The Standard: You’re in town (at least in part) because you’re one of many prolific artists/designers in MOCA’s new Art in the Streets show, opening April 17. How does it feel to be part of this huge exhibition?
Because Black Swan is the new Grindhouse and Rodarte’s recently unveiled exhibit “States of Matter” at MOCA’s mid-town outpost is floating our boat of LA inspiration. Just when you thought the sci-fi confines of the Pacific Design Center couldn’t get any cooler. For further details go here: http://www.moca.org/audio/blog/?p=1382
Because Black Swan is the new Grindhouse and Rodarte’s recently unveiled exhibit “States of Matter” at MOCA’s mid-town outpost is floating our boat of LA inspiration. Just when you thought the sci-fi confines of the Pacific Design Center couldn’t get any cooler.
For further details go here: http://www.moca.org/audio/blog/?p=1382
Fashion is art. No, really. It is. We swear. We realize we hear this alot, but lately, it’s all about the celebrity, or the red carpet, or which supermodel, or which party was coolest, or who had the most famous DJ, blah blah blah….
Time to strip things down. Just like Laura Mulleavy of Rodarte explains, it’s time to “examine the vessels without the bodies”. This is why we’re over the moon with the fact MOCA is presenting the first museum exhibition of Rodarte’s work in Los Angeles.
Expect to see more than 20 pieces from Rodarte’s Spring 2010, Fall 2010, and Fall 2008 runway collections, and original ballet costumes designed by Rodarte for the feature film Black Swan.
“By removing the garments from the figure and creating an installation around them, the focus will be entirely on the dresses and tutus as singular sculptural objects rather than pieces that are reliant on their relationship to the human form,” said Associate Curator Rebecca Morse. “Their inherent narrative qualities will be revealed.”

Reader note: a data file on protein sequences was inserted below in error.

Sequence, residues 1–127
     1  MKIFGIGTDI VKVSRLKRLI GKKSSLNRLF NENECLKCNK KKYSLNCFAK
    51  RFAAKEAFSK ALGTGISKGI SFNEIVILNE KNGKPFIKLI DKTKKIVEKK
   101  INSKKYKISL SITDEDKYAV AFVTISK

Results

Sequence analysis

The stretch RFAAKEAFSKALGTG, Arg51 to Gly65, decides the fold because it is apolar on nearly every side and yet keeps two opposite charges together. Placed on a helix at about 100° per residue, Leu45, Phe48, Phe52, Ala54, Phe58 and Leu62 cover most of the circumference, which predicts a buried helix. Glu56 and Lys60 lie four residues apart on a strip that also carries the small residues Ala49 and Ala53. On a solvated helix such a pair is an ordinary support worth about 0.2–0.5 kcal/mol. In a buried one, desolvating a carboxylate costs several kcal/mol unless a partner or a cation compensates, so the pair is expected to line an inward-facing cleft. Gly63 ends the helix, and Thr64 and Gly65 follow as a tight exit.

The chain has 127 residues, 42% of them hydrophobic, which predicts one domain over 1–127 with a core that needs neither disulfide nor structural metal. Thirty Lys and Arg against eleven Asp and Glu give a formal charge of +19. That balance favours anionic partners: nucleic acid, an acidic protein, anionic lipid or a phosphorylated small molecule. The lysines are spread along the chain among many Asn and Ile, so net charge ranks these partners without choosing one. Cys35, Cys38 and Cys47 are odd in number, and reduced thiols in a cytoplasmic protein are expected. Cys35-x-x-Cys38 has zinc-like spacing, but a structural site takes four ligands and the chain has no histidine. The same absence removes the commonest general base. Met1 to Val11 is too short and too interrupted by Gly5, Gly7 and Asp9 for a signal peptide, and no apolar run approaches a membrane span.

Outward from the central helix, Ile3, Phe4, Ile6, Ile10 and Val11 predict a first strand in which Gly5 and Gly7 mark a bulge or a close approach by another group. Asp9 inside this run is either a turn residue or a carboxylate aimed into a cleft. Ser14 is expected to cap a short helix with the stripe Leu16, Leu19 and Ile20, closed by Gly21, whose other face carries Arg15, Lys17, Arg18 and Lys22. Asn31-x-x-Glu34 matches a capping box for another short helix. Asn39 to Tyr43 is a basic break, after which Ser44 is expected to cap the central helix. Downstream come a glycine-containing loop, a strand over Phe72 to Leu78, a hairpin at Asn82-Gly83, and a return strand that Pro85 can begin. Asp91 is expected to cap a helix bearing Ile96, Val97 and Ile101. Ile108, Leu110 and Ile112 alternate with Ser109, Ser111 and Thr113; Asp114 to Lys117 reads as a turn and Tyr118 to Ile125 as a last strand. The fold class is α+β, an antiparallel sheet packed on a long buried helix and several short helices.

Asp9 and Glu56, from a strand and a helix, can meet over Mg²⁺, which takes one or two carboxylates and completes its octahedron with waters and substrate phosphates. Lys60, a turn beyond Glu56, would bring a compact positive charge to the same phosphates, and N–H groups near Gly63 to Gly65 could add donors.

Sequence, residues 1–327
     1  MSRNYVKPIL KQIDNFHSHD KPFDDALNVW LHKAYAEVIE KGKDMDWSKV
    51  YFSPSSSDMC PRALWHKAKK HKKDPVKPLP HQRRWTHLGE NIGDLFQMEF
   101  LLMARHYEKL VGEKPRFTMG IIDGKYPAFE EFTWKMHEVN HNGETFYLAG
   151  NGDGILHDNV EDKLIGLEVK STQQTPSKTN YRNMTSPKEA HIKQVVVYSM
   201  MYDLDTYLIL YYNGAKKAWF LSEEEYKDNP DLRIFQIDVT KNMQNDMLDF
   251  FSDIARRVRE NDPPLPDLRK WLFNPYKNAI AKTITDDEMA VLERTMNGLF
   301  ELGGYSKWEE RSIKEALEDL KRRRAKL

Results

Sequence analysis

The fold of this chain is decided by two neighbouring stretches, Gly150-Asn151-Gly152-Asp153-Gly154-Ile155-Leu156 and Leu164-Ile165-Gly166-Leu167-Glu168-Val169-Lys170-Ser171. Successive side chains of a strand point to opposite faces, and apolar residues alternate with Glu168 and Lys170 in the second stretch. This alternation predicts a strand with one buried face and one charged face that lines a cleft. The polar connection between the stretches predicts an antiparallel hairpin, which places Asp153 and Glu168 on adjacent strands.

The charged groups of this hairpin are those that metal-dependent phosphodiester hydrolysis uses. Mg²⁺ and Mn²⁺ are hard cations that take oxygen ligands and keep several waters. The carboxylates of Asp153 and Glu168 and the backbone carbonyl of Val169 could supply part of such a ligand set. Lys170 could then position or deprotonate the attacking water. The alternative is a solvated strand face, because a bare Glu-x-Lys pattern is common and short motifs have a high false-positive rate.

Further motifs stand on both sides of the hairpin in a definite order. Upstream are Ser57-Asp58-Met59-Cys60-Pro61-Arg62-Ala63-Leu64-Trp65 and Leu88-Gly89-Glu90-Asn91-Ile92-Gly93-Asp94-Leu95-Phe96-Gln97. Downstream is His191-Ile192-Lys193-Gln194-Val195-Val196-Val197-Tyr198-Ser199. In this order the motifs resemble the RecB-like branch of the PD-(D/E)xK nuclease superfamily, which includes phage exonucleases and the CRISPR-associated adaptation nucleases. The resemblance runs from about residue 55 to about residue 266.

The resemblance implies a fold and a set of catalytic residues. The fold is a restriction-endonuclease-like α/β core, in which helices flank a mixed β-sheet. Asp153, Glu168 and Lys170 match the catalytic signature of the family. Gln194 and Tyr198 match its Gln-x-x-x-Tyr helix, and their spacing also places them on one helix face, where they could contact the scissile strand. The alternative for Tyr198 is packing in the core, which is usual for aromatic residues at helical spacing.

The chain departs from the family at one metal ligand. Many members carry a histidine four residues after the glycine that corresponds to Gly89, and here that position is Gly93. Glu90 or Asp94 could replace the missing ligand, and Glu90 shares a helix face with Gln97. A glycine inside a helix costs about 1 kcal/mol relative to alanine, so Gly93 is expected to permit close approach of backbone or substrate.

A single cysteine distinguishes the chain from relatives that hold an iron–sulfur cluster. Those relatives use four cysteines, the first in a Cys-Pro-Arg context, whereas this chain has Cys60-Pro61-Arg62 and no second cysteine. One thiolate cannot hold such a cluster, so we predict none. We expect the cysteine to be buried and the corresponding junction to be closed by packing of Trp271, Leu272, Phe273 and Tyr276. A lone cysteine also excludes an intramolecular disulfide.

Hallelujah for purism. For more details, go to: MOCA.org / Rodarte
Rodarte: States of Matter will be on view from March 4–June 5, 2011, at MOCA Pacific Design Center.
“Many of us are convinced that Los Angeles is the place to be for contemporary art right now” says Jeffrey Deitch, MOCA’s Museum Director, as he opens our new Standard video on the downtown LA Art scene.
Directed by Sara Costello, the video visits downtown Los Angeles artists such as Shepard Fairey and REDCAT’s Executive Director, Mark Murphy, who share their insights on the once desolate neighborhood that is now a reckoning creative force. Tomorrow night, Saturday, November 13th, MOCA (Museum of Contemporary Art) celebrates its Artist Museum gala.
So what is Jeffrey’s next move on this prestigious anniversary? He’s pulling big rank and nabbing art star Doug Aitken to launch the gala tomorrow. Last year’s event at the MOCA was a doozie with a very high-profile performance by Lady Gaga playing on a grand piano decorated by Damien Hirst (note: by the end of the evening, the piano was auctioned for $450,000).
The move to incorporate Doug Aitken was a wise decision to “one-up” the fabulosity of last year. Doug is not only beloved in the pop landscape (he directed the video for Fatboy Slim’s The Rockefeller Skank), but he’s also deeply respected in the realm of hi-art. To up the ante even further, this year’s event will also feature performances by Beck, Devendra Banhart, and Caetano Veloso.
(Doug Aitken Electric Earth, 1999, Eight DVD installation, MOCA)
The “The Artist Museum” opened at MOCA in the fall. It’s another huge survey exhibition, exceeding 300 works by 146 artists who have helped shape the artistic dialogue in Los Angeles since the founding of MOCA over 30 years ago. This particular exhibit will run through Jan 31, 2011.
Represented in the “Artists Museum” is Doug Aitken’s Electric Earth. The LA Times quoted art critic Christopher Knight as saying Electric Earth is an “installation-size music video, a dreamy journey through an enervated American landscape of desolate motels, fluorescent Laundromats and empty parking lots [that] … pulls surprising visual and aural poetry from the unlikely terrain of our 7-Eleven culture.”
(Doug Aitken’s Sleepwalkers projected onto the Museum of Modern Art in New York. Photo: Spencer Weiner/Los Angeles Times)
Doug’s previous work includes a 2007 video-art piece called Sleepwalkers, which was screened both inside and on the exterior walls of New York’s Museum of Modern Art (pictured above), with Donald Sutherland, Tilda Swinton, country-soul-rocker Cat Power and Brazilian samba musician Seu Jorge among the subjects enacting the piece’s contemplation of life in the Big Apple.
Expect some heavy duty assault on the senses tomorrow with a smashing display of exhibitions at MOCA, including WE, a new work by Doug Aitken.
Congratulations MOCA. Here’s to staying strong and staying on the map. We look forward to seeing Jeffrey nurture more art movements West Coast style… (even though we still miss him in New York). To learn more about tomorrow’s event, go to MOCA, The Artist’s Museum Gala